Local councils including the Newcastle, the Central Coast and Northern Beaches council have moved motions in opposition to offshore testing and extraction activity in PEP11, and Lake Macquarie’s Mayor has publicly expressed opposition to the permit. 

In March 2019, The Hon. Matt Canavan announced that “... All environment plans for offshore oil and gas activities will be published, and draft environment plans for offshore seismic and exploratory drilling activities will be open for public comment, under recent changes to environmental regulations.” 

Oil and gas companies' environmental plans previously did not require public consultancy and simply had to be approved by the National Offshore Petroleum Safety and Environmental Management (NOPSEMA). 

“The public will have a 30-day comment period to give feedback on the environmental management of proposed seismic and exploration drilling activities, providing a new level of accountability."  Minister Canavan said in a statement on March 26th, 2019.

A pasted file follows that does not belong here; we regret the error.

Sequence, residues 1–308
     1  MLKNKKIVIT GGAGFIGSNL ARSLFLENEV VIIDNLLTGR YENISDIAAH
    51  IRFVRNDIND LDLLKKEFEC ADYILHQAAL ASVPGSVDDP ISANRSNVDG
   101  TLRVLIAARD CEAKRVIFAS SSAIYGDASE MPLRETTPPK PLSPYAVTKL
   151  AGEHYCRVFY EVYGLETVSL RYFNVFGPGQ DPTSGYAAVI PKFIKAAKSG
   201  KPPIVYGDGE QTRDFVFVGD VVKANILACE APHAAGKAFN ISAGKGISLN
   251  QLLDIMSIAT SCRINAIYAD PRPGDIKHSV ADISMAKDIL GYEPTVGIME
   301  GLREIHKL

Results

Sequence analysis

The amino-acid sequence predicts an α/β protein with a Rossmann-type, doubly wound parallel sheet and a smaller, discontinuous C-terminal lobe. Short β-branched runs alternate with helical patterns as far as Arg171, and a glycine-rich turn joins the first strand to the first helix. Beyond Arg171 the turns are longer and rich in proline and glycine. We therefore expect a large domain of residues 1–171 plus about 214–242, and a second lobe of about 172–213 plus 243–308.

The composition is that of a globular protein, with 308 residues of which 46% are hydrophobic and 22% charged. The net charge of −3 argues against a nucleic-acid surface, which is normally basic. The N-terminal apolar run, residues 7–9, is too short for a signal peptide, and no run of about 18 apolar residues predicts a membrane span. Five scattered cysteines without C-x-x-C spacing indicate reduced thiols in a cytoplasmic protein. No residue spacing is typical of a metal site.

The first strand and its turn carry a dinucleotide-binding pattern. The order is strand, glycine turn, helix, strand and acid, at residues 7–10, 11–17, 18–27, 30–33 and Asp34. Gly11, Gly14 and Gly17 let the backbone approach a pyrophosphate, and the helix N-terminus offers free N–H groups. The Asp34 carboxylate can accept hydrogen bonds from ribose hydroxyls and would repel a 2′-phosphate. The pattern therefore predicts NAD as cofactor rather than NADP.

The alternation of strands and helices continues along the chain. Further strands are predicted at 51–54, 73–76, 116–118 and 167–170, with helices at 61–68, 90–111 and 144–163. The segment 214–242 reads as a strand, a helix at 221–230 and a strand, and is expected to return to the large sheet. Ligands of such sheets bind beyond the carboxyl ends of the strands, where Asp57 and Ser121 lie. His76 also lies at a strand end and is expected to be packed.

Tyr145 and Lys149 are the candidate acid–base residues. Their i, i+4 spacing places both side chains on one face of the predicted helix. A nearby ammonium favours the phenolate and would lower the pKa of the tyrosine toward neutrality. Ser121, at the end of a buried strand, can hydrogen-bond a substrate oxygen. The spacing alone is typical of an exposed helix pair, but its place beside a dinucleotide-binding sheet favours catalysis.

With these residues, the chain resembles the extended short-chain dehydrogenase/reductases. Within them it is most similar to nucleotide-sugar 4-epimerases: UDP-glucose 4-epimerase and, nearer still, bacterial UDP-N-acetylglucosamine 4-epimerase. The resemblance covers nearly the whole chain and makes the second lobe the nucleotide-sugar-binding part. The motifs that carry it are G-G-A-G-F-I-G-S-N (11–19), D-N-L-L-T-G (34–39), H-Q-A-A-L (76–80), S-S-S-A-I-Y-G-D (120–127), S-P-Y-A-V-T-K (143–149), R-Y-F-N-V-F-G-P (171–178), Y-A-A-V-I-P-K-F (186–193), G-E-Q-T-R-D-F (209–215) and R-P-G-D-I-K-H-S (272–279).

“Environment plans for all offshore activities will be published when they are submitted to the National Offshore Petroleum Safety and Environmental Management Authority (NOPSEMA), before they are assessed.

“If the plan is accepted by NOPSEMA, it will be published, along with an explanation of how public comments have been taken into account, enabling the community to see how their concerns have been addressed.”

An environment plan describes the environment in which a proposed activity will take place, identifies the risks and impacts arising from that activity, and describes the measures in place to reduce these to ‘as low as reasonably practicable’ and an ‘acceptable level’. The plan must be assessed and accepted by NOPSEMA before any activity can be carried out.

'This cancellation of seismic testing shows that what we are doing is having an impact, but it is far from over. 

We must continue to oppose the short sighted environmental destructive drilling and offshore gas rigs, including the potential for offshore spills and pollution, the contribution of methane to climate damage, and keep the pressure up to prevent any further seismic testing.' the Save Our Coasts organisation stated this week.